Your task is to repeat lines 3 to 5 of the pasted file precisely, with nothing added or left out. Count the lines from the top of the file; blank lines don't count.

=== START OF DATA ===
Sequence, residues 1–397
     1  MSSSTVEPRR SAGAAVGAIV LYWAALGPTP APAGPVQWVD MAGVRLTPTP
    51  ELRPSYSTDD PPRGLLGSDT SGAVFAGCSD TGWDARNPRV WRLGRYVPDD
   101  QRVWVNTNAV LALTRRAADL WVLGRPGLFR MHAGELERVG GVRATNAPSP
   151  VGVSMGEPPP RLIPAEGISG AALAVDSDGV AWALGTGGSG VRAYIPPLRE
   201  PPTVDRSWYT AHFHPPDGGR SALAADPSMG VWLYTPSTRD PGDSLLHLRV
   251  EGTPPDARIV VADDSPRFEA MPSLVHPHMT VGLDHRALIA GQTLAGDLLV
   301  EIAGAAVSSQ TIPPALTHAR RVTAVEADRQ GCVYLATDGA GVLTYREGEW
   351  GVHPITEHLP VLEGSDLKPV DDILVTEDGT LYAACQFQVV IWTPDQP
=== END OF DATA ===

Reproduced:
    51  ELRPSYSTDD PPRGLLGSDT SGAVFAGCSD TGWDARNPRV WRLGRYVPDD
   101  QRVWVNTNAV LALTRRAADL WVLGRPGLFR MHAGELERVG GVRATNAPSP
   151  VGVSMGEPPP RLIPAEGISG AALAVDSDGV AWALGTGGSG VRAYIPPLRE